As electric vehicle innovation entered the 1960’s, innovation in the automotive industry would mirror that of music and the arts of the era. Several new companies unveiled electric models throughout the decade, from the Henney Kilowatt in 1960 to the AMC Amitron full electric. Developments in rechargeable battery technology enabled these vehicles to offer a farther range than their predecessors, increasing their utility and value in the eyes of consumers.


The 1960’s also saw an increase in variety in the type of electric vehicles offered to the public. From the sporty AMC Amitron to the Batronic Voltswagon utility truck, battery technology enabled more dynamic applications of electric propulsion throughout the decade. Unfortunately, the prohibitive cost of the batteries made these vehicles cost-prohibitive to the many, and most models found lukewarm success in the mass market at best.

The Hybrid Resurgence

Examining, the history of electric vehicles, one can observe the quintessential trend which has brought these vehicles into our modern garages: as battery technology has progressed, the prohibitive nature of electric cars has been greatly reduced. With its 1997 debut, the ubiquitous and now universally recognized Toyota Prius has broken the perceived cost-barrier of the once coveted electric car. The Prius, a hybrid electric hatchback not only re-vitalized Japan’s car industry, but re-invigorated the global automotive industry’s appetite for electric innovation.


Both as a new and pre-owned vehicle, the Toyota Prius is one of the best selling  automobiles of all time, sparking competition from Japanese and foreign manufacturers alike. With Honda offering a Hybrid Accord, Toyota’s Hybrid Camry, and the all-electric Nissan Leaf, rechargeable battery technology has brought electric propulsion from the drawing board to the driveway.

No Longer A Passing Fad


Entrepreneur, inventor, and innovator Elon Musk has all but declared war on the conventional energy industry. The founder of premium electric car and high capacity rechargeable battery manufacturer Tesla Motors, Elon Musk is propelled by an unquenchable drive to bring about positive, equitable change to deliver the modern automotive industry from the shackles of oil dependence. Tesla’s line of full-electric sports cars and luxury sedans are at the forefront of the automotive industry, offering a fully integrated driving experience as yet unrealized in previous renditions of the electric car. With near instantaneous acceleration, a built-in internet connection, and an unparalleled entertainment suite, Tesla Motors are consistently pushing the boundaries of the automotive industry. Though past models have been limited to luxury sedan and sports cars offerings, Musk took the stage earlier this year to announce that Tesla would be releasing the Model 3, which would compete with the Chevy Bolt and Toyota Prius in the mid-range sedan market.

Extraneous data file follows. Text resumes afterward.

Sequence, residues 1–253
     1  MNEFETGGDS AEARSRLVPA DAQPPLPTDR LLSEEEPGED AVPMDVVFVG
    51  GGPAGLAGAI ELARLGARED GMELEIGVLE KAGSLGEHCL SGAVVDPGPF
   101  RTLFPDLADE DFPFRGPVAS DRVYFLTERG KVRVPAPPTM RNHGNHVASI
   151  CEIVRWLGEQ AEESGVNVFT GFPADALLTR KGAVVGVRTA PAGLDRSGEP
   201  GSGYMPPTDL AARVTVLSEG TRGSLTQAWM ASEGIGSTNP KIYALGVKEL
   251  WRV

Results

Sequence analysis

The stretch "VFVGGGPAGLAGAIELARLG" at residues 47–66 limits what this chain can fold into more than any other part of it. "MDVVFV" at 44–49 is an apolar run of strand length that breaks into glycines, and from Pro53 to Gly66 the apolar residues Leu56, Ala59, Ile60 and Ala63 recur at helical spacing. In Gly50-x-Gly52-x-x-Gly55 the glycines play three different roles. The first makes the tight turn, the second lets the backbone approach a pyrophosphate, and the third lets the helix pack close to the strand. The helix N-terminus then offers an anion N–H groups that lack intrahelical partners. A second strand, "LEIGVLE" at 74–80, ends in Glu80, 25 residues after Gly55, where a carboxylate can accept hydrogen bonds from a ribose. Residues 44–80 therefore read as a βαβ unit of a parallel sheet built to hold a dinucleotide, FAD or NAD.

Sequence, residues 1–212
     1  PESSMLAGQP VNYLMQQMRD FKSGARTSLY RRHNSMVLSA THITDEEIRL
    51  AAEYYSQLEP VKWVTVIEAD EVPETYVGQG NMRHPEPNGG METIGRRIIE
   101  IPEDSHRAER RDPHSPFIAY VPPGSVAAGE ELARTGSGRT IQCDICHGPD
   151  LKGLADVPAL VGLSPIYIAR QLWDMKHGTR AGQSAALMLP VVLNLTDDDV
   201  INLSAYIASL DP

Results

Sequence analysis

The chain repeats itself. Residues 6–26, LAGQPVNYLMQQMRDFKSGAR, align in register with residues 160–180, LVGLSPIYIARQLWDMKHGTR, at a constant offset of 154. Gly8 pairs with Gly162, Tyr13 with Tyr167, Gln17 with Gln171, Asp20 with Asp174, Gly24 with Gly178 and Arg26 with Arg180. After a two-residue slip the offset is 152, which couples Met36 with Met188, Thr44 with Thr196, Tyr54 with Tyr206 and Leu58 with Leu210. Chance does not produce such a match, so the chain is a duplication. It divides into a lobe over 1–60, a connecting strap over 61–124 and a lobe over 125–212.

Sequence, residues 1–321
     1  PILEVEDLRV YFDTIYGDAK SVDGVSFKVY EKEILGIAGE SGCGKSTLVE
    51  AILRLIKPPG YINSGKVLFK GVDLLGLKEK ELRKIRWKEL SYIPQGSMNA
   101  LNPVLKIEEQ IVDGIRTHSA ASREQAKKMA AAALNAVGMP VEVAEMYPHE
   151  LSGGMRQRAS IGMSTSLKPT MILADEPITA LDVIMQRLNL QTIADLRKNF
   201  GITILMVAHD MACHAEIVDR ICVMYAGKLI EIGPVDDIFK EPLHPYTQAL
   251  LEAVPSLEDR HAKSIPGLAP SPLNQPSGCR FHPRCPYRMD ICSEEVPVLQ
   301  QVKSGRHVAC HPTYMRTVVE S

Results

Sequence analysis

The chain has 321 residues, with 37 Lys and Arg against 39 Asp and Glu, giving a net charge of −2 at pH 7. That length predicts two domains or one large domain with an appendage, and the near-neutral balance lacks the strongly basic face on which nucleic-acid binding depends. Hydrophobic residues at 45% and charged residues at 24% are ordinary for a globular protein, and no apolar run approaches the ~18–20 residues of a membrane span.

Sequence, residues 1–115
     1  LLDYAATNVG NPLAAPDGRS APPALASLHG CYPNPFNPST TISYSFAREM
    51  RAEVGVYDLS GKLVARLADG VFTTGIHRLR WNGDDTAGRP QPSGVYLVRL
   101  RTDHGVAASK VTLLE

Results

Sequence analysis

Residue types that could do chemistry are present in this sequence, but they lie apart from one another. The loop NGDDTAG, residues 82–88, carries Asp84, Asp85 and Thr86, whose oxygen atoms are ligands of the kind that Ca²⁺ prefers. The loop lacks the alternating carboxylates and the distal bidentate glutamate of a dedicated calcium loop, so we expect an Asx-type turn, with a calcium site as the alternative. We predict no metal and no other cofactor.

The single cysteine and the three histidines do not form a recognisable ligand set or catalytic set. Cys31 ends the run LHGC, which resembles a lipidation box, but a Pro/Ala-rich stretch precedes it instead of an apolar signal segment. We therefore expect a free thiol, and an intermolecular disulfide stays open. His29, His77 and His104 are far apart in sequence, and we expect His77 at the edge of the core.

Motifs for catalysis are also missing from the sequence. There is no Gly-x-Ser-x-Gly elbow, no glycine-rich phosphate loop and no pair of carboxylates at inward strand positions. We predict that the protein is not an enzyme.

Build The Future

With the influx of electric vehicles onto the market since the dawn of the 21st Century and the adoption of high-capacity rechargeable battery technology by all of the major car manufacturers, electric cars are no longer a novelty— they are an integral key to unlocking the continued ascendence of our global society. With manufacturers such as Toyota, Honda, Ford, Chevrolet, and Tesla investing unprecedented funds into research and development, electric transportation will be one of the determining factors in the solution to the global energy crisis. Whether you’re a seasoned Prius driver or considering going electric for the first time, plug into the silent movement, and untether your wallet from the death-grip of big oil.